Don’t know if you knew, but last week was Computer Science Education Week. Since 2010, Computer Science Education Week has been held during the second week in December to coincide with the birthday of the late Rear Admiral Grace Murray Hopper (December 9, 1906), one of the pioneers of computer science. The week of events, held all over the country, are designed to educate and advocate for more computer science education in our schools.
There’s no shortage of evidence that there’s a need for more computer science education in the United States. A recent survey by IBM of technology decision makers found that nine out of ten organizations are lacking the skills in business analytics, mobile and cloud computing and social business. Other data on technology education in the United States find that the number of computer-related bachelor’s degrees decreased between 2004 and 2008 from 60,000 to 38,000, while the number of AP computer science classes at the secondary level have declined by 33% since 2005. This comes at a time when the number of computer-related jobs keeps increasing; the Bureau of Labor Statistics projects a 22% increase in the number of computer jobs between 2010 and 2020.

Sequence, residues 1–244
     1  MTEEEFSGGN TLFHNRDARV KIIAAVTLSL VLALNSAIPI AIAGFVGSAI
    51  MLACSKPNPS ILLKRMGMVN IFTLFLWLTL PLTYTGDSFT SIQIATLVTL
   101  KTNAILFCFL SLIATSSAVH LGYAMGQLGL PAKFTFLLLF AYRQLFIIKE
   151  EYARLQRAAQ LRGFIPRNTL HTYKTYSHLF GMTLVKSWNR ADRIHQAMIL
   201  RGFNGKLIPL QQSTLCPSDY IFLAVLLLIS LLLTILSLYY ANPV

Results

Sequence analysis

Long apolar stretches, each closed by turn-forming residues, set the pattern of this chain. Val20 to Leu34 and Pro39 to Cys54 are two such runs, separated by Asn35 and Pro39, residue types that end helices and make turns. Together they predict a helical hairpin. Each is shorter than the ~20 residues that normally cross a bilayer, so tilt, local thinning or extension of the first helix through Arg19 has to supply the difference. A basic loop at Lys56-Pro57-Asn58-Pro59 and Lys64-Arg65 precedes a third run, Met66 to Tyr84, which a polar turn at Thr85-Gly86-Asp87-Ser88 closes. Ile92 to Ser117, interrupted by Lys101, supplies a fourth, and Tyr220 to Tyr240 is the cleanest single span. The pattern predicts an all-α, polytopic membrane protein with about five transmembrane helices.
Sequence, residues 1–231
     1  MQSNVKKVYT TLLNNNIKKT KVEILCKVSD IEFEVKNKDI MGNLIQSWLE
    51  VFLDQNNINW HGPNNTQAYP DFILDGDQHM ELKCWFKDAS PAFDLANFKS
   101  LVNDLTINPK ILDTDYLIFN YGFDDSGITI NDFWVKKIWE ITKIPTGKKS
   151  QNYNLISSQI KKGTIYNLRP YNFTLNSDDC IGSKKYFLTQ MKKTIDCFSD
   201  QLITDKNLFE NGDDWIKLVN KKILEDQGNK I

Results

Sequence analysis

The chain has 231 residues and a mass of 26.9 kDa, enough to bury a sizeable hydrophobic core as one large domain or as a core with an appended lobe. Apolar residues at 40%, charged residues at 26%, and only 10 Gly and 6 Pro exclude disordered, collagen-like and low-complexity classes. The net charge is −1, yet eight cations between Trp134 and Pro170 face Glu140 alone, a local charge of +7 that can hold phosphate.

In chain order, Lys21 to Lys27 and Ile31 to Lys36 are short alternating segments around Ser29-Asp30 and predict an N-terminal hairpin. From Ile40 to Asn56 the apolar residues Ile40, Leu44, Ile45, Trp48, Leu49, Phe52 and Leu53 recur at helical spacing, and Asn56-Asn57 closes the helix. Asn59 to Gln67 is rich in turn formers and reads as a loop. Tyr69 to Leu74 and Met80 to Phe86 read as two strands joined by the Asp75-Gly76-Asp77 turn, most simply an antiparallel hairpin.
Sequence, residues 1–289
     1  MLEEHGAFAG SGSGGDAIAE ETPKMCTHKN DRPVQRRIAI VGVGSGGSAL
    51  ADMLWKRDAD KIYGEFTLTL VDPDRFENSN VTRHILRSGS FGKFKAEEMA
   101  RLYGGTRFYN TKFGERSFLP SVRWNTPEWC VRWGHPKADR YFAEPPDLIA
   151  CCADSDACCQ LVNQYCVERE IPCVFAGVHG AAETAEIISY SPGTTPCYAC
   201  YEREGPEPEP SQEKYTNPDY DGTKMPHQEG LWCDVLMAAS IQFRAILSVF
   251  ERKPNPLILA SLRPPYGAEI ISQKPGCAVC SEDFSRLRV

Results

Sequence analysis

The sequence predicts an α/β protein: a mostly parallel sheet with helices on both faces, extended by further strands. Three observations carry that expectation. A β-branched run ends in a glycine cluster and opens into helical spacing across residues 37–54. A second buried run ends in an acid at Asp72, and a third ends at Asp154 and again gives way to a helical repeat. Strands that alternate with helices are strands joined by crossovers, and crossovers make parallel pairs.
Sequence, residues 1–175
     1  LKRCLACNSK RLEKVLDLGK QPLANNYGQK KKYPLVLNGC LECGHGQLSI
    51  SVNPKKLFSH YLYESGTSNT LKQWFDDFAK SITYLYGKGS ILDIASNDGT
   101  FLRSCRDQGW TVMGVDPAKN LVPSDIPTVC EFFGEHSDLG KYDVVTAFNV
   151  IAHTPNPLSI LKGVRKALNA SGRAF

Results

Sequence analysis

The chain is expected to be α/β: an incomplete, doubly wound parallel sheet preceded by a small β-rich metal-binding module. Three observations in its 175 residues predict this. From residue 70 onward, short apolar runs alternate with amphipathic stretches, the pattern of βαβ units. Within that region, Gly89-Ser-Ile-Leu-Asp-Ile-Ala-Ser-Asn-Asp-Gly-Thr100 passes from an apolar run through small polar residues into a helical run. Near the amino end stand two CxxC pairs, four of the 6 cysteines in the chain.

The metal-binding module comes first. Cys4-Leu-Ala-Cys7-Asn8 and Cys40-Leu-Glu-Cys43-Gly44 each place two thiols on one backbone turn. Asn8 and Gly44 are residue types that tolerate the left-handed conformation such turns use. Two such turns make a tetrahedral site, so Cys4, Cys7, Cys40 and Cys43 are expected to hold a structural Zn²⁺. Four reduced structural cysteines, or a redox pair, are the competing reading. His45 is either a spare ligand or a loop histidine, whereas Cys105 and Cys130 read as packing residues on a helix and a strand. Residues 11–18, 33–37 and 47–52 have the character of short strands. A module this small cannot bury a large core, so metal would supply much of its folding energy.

Clearly, there’s an increasing gap in this country between the number of computer-related jobs and the number of people trained to do them. Other countries have recognized the importance of more computer science education. Estonia recently mandated that all students, beginning in the first grade, study programming. Is mandated computer science education the solution for the U.S.?
It could be, but one big impediment is that education is managed at the local level in this country. Congress can’t simply mandate that every student learn how to code. However, it can encourage the states to do so, and that’s the goal of legislation recently introduced in Congress.